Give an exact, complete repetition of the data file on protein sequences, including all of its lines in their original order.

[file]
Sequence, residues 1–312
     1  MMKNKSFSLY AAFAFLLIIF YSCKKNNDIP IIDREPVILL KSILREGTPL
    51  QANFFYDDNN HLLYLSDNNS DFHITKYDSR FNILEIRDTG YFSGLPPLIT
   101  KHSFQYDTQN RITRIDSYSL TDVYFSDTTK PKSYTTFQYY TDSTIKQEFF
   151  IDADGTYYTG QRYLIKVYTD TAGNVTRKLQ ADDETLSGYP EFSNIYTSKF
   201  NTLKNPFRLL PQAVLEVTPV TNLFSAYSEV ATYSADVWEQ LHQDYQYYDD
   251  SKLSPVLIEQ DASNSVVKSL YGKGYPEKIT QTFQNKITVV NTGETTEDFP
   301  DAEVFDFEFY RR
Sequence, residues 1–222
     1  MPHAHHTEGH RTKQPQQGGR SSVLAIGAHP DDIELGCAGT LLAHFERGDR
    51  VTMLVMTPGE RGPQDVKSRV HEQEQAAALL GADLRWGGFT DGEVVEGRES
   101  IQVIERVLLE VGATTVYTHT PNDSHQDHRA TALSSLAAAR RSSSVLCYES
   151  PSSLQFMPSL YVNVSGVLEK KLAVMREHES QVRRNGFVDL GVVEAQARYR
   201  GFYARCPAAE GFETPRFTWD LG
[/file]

Sequence, residues 1–312
     1  MMKNKSFSLY AAFAFLLIIF YSCKKNNDIP IIDREPVILL KSILREGTPL
    51  QANFFYDDNN HLLYLSDNNS DFHITKYDSR FNILEIRDTG YFSGLPPLIT
   101  KHSFQYDTQN RITRIDSYSL TDVYFSDTTK PKSYTTFQYY TDSTIKQEFF
   151  IDADGTYYTG QRYLIKVYTD TAGNVTRKLQ ADDETLSGYP EFSNIYTSKF
   201  NTLKNPFRLL PQAVLEVTPV TNLFSAYSEV ATYSADVWEQ LHQDYQYYDD
   251  SKLSPVLIEQ DASNSVVKSL YGKGYPEKIT QTFQNKITVV NTGETTEDFP
   301  DAEVFDFEFY RR
Sequence, residues 1–222
     1  MPHAHHTEGH RTKQPQQGGR SSVLAIGAHP DDIELGCAGT LLAHFERGDR
    51  VTMLVMTPGE RGPQDVKSRV HEQEQAAALL GADLRWGGFT DGEVVEGRES
   101  IQVIERVLLE VGATTVYTHT PNDSHQDHRA TALSSLAAAR RSSSVLCYES
   151  PSSLQFMPSL YVNVSGVLEK KLAVMREHES QVRRNGFVDL GVVEAQARYR
   201  GFYARCPAAE GFETPRFTWD LG